Sorry for the long hiatus, it has been a busy few weeks, but I have still been reading many of the latest comics, but since I've missed a week of reviewing, I'm gonna try and do two weeks' worth of reviews in one post! In what I am gonna call, Rapid Fire Reviewing! I've never done this before, so let's see how it goes.
First off, the releases from the week of Oct. 19-25:
Batman #2 - Scott Snyder introduces a new villain that ties in with Gotham City's history and the Wayne family's past, evoking Bruce Wayne's intense detail-oriented mind in revealing internal monologues, proving why he is still the right man to write The Dark Knight. A+!
Justice League #2 - Geoff Johns' voice for Batman still feels uncomfortable, but he is clearly having fun here, with the way he is bringing the JLA together feeling fresh and exciting. B+!
Green Lantern, Corps. #2 - Peter J. Tomasi is one of my favorite writer's in comics, he entertains while putting the pieces together as to who is chopping off the fingers of Green Lanterns and stealing natural resources from unsuspecting planets, but he forsook some of the strong character work from issue #1. B!
Nightwing #2 - I feel no shame in saying Dick Grayson is one of my favorite comic book characters of all-time, and I am really loving Kyle Higgins' run here, delving into Dick's past with the Haly's Circus to take him into the future with tons of action and emotion; not to mention, highly magnificent art, and I rarely say that. A+!
Next, the comic book reviews of this week, Oct 26-Nov. 1:
The Amazing Spider-Man #672 - Dan Slott's hit-and-miss Spider-Island event finally comes to a close here that recaptures some of the magic from the first few issues of the event, while still feeling a bit too focused on the entire Marvel Universe rather than just on Spidey (but hey, MJ's confession of still being in love with Petey at issh end was magnificent). C+!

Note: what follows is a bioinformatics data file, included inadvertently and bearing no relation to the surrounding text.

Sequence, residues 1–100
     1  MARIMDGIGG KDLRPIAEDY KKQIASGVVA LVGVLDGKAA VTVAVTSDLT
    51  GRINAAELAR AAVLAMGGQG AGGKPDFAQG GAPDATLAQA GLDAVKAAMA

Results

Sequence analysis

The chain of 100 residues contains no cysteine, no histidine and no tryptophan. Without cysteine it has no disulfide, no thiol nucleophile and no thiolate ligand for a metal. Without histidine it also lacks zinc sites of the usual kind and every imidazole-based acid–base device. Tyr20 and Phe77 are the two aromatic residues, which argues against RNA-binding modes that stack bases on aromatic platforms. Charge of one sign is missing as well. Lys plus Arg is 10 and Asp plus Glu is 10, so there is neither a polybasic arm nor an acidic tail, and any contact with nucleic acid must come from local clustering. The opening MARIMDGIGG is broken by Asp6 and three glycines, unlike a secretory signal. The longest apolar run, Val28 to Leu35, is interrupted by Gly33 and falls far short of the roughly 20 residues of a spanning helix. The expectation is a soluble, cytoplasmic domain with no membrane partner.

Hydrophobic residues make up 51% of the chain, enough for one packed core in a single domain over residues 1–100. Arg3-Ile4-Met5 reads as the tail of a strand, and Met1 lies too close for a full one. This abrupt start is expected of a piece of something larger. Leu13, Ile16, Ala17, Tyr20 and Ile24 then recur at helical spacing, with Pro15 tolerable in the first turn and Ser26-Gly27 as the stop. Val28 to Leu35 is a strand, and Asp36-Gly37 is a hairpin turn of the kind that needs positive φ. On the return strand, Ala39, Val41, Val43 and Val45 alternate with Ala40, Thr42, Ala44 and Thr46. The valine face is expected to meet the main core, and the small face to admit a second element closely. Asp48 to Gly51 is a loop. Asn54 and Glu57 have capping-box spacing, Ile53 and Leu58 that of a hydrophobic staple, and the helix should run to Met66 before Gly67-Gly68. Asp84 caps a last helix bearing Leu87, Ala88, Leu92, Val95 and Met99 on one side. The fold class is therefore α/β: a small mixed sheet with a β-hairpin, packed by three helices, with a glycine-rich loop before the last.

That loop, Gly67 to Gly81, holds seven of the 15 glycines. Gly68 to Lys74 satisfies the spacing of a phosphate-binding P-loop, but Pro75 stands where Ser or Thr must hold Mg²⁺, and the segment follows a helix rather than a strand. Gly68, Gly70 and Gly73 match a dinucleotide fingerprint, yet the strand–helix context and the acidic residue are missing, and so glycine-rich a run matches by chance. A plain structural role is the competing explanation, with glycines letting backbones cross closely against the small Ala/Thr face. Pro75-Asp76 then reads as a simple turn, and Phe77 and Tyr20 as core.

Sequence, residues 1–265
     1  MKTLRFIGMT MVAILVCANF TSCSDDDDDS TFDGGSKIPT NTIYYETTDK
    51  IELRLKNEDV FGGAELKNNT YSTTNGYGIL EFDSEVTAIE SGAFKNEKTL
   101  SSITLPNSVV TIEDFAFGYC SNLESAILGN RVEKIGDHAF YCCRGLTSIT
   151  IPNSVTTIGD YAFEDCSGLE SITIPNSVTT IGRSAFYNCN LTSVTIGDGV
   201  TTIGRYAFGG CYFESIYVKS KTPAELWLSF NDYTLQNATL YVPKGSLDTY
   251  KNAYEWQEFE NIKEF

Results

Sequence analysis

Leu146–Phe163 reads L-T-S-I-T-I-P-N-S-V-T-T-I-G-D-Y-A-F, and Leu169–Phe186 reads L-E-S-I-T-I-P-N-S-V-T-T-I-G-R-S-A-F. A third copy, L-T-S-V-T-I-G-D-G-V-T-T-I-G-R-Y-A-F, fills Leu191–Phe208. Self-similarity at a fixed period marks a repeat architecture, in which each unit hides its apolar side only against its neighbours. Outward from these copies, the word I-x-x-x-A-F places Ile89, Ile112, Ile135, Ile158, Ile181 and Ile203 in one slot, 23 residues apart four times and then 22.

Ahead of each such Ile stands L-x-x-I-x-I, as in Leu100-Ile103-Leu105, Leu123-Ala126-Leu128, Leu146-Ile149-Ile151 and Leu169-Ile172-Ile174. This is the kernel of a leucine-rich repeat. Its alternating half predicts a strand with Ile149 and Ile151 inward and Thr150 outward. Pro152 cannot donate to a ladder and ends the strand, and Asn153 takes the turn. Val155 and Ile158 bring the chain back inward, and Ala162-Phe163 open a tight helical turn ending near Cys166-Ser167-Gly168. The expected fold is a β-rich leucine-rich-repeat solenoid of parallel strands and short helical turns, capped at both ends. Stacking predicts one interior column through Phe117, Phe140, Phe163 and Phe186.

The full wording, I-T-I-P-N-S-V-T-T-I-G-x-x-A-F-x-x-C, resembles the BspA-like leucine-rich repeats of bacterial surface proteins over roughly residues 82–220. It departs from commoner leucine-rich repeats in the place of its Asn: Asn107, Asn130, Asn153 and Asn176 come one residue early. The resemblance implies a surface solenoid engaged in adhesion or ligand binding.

Superman #2 - While not as strong as the first issue, George Perez continues to show Superman's great wit as he has to outsmart a villain everyone can see but him, making this run entertaining so far, but where is the character development? B+!
Wolverine and the X-Men #1 - Jason Aaron redeems himself here after Schism, with Wolverine back in New York, reopening the school. Wolvie is Headmaster with Kitty Pride as his Headmistress. There is a ton of humor here and some nice focus on the struggles that mutants have in trying to run a school, which manages to find a few unique strides we've never seen before, but the art by Chris Bachalo often jumps around so much in angles that it is disorienting and hard to find your place. A-!
Green Lantern: New Guardians #2 - I am still waiting for some development in Kyle Rayner's character that has been promised, but this book is so entertaining so far with such a great hook at the end, I wanna read more. B+!
The Incredible Hulk #1 - Since I was so cool on Jason Aaron's Schism, I didn't know what to expect with him writing Hulk, but he has created a great starting point for new readers to come to the Big Green fella. Hulk and Bruce Banner have literally been split in two, with Banner supposedly gone mad according the gov. and they want to enlist the Hulk to stop him. A nice turn of events, showing us how the Hulk actually thinks rather than how Banner thinks. Not to mention the amazing art from Marc Silvestri that keeps the reader focused at all times. Best book of the month! A+!
Wednesday, October 12, 2011
X-Men: Regenesis One-Shot
We saw the X-Men split in two with Schism, and now it's time for the mutants to choose whose side they will be on: Wolverine or Cylcops. Ultimately, the issue is just an overly long book that gives obscure mutants a page each to decide where their loyalty's lie. It's dull and tedious work just to reach the final moment where we know who goes where. Any dramatic emphasis that could have been placed on this situation is lost because the story is constantly speeding by just to get to the next mutant's decision. As well, who are some of these mutants? Unless you have read every X-Book over the past two decades, will you know who these mutants are, their importance to the X-Men universe, or even simply, their powers? Cause I don't. I mean, would it have hurt them to give us the emotional reactions of the mutants we all know, like when Beast sides with Wolverine rather than Cyclops? How does Cyclops take it? Regardless, there was some potential here, especially with the constant visual references back to tribal caveman days, but like Schism, Regenesis lacks any believability in it's character's motivations. Ultimately, this whole idea of splitting the X-Men in two may have just been either too ambitious to tackle, or too haphazardly put together, choose your position. Grade: F!